Isn't that just pixelation, only visible because the original image is scaled up? Or in the case of the animation above, compression artifacts (or both)? In both animations, I see it most clearly around the rings and planet's edge, but the grid squares are in exactly the same spots in each image - the grid doesn't move with the imperfectly aligned images. How would drizzling lead to that?

Drizzling in Autostakkert always leads to that. It just looked unusual because it's been luminance sharpened instead of RGB sharpened. This is why I have never liked drizzling OSC data. Andrew (Tulloch) convinced me that other methods of up-scaling can also produce gridding artifacts, so it isn't a problem that is particular to drizzle in Autostakkert (as I used to believe), but I still don't like it, and no-one has ever yet been able to produce a drizzled OSC lunar or planetary image that is clearly superior to a simple scaled up non-drizzled version. It takes much longer to stack with drizzle vs. a mouse click to scale up and get results that contain just as much detail and less noise.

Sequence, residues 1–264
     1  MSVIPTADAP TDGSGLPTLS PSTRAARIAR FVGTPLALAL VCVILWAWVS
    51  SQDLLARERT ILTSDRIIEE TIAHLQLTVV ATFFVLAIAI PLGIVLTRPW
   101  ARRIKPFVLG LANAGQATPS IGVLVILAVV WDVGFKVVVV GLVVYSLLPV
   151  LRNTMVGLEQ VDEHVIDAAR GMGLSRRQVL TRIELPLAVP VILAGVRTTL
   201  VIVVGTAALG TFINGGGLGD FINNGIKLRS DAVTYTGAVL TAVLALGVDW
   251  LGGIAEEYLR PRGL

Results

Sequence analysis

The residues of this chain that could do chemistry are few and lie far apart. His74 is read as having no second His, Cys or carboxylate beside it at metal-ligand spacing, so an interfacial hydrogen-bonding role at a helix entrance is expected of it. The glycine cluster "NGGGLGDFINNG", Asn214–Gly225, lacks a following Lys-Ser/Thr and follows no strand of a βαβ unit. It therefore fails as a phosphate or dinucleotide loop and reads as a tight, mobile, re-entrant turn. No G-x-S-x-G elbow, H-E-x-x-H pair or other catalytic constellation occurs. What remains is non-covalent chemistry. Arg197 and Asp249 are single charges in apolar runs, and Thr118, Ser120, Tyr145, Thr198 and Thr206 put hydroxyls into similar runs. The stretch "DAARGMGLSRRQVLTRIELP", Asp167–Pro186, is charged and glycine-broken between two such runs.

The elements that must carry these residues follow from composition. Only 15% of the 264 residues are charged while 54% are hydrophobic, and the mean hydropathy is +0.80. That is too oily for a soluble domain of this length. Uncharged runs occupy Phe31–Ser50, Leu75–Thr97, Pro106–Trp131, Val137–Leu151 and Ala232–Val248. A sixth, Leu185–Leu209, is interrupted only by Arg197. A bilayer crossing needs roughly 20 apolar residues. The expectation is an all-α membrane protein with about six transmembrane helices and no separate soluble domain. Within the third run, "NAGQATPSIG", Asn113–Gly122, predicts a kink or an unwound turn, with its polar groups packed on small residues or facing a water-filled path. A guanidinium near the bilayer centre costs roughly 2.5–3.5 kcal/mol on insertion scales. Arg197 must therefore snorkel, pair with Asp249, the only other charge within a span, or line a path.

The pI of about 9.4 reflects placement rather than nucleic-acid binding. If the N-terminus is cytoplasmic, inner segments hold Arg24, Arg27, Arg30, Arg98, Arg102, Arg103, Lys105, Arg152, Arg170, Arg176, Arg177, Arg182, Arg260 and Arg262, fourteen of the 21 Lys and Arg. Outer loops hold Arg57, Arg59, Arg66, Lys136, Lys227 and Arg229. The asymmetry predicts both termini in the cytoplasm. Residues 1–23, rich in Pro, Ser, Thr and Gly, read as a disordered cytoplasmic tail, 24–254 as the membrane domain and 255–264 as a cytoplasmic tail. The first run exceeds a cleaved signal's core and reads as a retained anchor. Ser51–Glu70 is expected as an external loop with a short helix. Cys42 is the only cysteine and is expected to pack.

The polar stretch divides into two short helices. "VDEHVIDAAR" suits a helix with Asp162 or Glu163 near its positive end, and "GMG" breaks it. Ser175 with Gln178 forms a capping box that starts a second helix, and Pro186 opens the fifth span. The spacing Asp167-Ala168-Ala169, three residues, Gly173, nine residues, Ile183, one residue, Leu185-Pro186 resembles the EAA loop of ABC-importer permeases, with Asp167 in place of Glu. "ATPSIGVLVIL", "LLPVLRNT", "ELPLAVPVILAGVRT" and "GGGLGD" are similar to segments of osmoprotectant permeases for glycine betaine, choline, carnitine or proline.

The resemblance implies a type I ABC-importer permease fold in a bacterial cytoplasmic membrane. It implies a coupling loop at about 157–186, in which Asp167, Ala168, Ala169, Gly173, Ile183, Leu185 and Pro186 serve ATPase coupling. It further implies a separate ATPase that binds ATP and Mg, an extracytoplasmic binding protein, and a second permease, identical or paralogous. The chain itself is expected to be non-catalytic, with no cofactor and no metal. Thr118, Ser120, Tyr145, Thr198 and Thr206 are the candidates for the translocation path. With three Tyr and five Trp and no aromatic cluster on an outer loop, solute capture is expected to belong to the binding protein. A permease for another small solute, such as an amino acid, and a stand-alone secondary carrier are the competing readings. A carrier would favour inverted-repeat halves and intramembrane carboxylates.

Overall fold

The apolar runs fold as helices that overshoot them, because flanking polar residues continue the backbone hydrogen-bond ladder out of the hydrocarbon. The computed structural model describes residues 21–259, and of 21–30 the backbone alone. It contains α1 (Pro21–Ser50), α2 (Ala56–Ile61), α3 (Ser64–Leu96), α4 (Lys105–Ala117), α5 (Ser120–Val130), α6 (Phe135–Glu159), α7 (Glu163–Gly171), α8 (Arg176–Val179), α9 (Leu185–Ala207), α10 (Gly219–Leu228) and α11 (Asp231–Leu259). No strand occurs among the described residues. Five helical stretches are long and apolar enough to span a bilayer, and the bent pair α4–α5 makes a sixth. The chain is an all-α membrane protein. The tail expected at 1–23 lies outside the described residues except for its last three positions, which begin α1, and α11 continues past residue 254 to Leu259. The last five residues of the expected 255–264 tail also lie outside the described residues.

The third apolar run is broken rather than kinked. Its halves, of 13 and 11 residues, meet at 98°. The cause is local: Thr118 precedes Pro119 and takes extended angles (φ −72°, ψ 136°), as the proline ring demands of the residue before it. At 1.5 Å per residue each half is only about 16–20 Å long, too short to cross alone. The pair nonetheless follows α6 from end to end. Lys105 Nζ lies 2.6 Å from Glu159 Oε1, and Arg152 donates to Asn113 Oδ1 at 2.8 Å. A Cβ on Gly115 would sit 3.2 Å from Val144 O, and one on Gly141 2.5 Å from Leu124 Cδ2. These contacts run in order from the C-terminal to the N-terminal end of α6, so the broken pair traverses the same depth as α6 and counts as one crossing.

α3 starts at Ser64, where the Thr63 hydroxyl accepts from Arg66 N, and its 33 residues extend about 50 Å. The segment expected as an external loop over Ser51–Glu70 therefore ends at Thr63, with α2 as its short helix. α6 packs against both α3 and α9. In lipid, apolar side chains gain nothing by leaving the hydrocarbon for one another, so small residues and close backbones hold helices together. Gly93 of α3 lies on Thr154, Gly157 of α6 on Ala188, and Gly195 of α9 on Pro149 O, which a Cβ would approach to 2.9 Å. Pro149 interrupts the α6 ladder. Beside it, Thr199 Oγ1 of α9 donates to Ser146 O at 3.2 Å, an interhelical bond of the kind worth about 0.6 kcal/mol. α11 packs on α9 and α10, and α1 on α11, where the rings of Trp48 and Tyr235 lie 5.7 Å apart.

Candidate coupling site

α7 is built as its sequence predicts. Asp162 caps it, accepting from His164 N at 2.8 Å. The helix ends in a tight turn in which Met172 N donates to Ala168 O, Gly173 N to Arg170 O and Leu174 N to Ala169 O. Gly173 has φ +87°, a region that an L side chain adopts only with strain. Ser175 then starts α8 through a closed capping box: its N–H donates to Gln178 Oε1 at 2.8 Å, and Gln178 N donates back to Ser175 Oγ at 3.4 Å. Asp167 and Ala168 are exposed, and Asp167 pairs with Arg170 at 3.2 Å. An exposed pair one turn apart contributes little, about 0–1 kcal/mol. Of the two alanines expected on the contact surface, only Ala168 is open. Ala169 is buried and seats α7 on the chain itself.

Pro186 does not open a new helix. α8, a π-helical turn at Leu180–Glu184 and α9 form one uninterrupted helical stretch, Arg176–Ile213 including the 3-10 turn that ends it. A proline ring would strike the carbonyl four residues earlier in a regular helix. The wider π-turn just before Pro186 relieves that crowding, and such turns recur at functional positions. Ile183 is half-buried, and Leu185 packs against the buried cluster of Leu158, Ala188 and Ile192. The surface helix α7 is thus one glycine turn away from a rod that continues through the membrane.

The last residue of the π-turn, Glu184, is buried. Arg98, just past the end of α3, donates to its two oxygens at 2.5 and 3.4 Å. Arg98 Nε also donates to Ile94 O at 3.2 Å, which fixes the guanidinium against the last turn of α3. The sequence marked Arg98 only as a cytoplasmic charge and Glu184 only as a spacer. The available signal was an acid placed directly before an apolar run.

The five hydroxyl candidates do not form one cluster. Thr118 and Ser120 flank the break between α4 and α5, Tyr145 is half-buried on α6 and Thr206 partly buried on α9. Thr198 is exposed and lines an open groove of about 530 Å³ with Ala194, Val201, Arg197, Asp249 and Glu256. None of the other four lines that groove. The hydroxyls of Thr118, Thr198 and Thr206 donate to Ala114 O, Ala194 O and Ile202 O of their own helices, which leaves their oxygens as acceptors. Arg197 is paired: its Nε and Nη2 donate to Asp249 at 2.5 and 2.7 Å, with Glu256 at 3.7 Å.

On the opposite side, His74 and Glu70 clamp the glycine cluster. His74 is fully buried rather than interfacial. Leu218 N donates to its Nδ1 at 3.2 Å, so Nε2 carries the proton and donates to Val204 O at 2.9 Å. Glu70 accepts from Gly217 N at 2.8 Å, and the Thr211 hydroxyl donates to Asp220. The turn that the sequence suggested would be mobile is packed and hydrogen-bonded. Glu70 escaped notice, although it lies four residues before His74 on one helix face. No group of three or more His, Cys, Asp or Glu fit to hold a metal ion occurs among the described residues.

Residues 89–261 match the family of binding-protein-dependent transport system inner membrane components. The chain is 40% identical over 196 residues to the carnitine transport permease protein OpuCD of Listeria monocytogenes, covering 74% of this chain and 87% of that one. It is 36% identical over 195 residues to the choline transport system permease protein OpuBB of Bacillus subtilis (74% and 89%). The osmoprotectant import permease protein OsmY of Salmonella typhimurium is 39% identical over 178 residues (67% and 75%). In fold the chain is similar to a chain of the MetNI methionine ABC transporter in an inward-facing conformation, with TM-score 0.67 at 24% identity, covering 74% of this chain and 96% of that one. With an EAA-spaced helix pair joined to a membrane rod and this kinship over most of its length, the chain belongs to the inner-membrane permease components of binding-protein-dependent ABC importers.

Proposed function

I would believe that if you were very under-sampled and stacked a LOT of data there could be a conceivable benefit to drizzling OSC data, but none of use who shoot OSC planetary meet those criteria. We all shoot at critical sampling and the amount of data we have to stack is limited by the rotation of the planet. You could do it with the Moon, for example, and I have, although I did not convince myself that the result was superior to simply scaling up the non-drizzled image. But there is no way that drizzling a critically sampled image can be anything but a waste of time and a handy way to make artifacts.



#13 KiwiRay

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Posted 24 June 2024 - 01:37 PM